It's very cold and the ground is covered with snow. Yesterday my daughter and I went to the book store, to try to escape the house for a bit. On the drive home, I saw an elderly lady standing on the corner outside of a retirement home, looking at the ground, then up and around. She had on a fancy black hat with a rhinestone brooch pinned to it. She was carrying her pocketbook on her forearm. (My grandma always called her purse a pocketbook, therefore to me, all older ladies carry pocketbooks.) I stopped and opened my window, and asked if she needed anything. She told me that she lives at the retirement home and was trying to walk to the movie theater, but the sidewalk hadn't been shoveled.
Before I could think about it too much, I invited her into my car and drove her up the street to the theater. She told me how the theater had been playing such awful movies, but she sent them a newspaper clipping with a list of decent movies, and now they were playing some good ones. I listened to her, but my heart was clenched with fear. My face was hot, and the very short drive felt very long. All my life I've been told not to give rides to strangers. Stranger Danger. The thought crossed my mind that she could have a gun in her pocketbook.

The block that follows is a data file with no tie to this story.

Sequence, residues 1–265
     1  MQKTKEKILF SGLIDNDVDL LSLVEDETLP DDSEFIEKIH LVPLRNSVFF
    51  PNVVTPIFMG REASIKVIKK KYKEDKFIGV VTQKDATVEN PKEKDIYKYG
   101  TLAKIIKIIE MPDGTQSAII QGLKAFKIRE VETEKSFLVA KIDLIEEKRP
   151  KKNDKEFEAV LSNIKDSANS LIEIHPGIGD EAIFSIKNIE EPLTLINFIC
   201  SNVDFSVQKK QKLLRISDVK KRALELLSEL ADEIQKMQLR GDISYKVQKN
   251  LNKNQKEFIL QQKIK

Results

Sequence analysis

After I dropped her off at the door, I sat back and thought about how much I hate fear. How I hate that I let it get to me. Our culture produces fear like it's the hottest selling gadget. I never watch the news. It's all scare, all the time. I get my news online and skip over the sensationalized stories. Sometimes relatives or friends tell me about this kidnapping or that robbery or those muggings. I try not to hold that stuff in my heart, but clearly some of it is getting through.
I believe most people are safe and good and I will not let my daily life be ruled by fear. I chat with strangers at the museum. I do not avoid places I want to go because someone once got mugged there.
And I will always give rides to the old ladies.